surveyof bread in San Francisco ― the baked and the fried, the
artisan and the novelty.
Grindstone Bakery sprouted seeds spelt bread
Source: Whole Foods (California St.), Bi-Rite Market, Rainbow Grocery, Berkeley Bowl
Toast-appropriateness: Please, please toast it.
There is nothing so romantic as a dense bread made with the earthiest of ancient grains, risen thanks to the proliferation of the most local of yeasts, hand-kneaded, covered in sprouted seeds, and then baked in a wood-fired oven. You can't get more authentically homespun, can you? And the Sonoma County bakery's website devotes seven pages to the nutritional value of its vegan, organic breads.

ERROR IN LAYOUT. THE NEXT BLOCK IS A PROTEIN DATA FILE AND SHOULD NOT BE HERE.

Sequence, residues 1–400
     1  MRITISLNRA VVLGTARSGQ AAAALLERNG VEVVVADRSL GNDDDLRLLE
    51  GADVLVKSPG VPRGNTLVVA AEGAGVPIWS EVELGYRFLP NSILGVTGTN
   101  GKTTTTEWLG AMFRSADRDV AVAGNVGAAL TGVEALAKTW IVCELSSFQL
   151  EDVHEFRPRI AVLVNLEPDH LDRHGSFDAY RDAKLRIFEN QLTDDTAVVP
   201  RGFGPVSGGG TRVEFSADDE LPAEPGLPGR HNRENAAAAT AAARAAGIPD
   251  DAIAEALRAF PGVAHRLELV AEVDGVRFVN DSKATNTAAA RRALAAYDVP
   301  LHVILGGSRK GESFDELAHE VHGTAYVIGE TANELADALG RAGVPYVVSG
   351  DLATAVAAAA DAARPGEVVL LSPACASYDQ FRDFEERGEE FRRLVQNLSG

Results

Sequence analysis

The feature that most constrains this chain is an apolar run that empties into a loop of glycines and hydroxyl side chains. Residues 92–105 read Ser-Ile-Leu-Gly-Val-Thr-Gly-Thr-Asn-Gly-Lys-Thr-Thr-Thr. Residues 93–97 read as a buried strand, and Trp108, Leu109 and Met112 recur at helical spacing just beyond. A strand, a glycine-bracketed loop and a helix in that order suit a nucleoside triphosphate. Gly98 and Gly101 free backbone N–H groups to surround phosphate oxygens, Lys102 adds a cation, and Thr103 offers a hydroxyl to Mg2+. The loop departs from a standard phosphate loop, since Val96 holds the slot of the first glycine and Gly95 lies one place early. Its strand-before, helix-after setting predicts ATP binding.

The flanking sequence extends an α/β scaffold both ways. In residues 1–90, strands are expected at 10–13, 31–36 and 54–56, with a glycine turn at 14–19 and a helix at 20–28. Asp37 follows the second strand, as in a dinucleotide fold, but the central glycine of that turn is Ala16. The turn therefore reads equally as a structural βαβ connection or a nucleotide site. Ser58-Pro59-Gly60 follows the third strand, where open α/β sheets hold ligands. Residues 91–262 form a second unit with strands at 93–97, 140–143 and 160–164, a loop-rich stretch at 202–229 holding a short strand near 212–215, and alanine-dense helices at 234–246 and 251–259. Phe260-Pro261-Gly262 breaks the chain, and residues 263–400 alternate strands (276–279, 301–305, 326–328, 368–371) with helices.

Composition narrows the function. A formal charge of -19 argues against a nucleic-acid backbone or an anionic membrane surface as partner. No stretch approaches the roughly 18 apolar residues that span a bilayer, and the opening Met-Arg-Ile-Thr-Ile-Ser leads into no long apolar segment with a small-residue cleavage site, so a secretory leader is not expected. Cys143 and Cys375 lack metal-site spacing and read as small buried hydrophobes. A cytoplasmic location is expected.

I hated it.
OK, I hated the first three slices of it: the sourness that made the sides of my tongue ache, the dense, grainy mouthfeel of the bread, the guilty feeling that my body was supposed to love what my brain did not. Finally, though, I sliced the bread into 1/8-inch slices, toasted them, and covered each slice with butter and slices of Emmental. The toasting made all the difference (it didn't have the same effect on another super-extra-healthful-sourdough-whole-grain-bread that I tried and refuse to write about).
The combination of the fat and the heat smoothed over the tang, unlocked the nuttiness of the roasted seeds, and brought out the remnants of the wood-fire smoke hidden in the bread. In fact, I ate several slices of this particular snack before my body whispered to my brain that it was grateful, thanks for the effort, and please could we now go get a Diet Coke and some chocolate? So we did.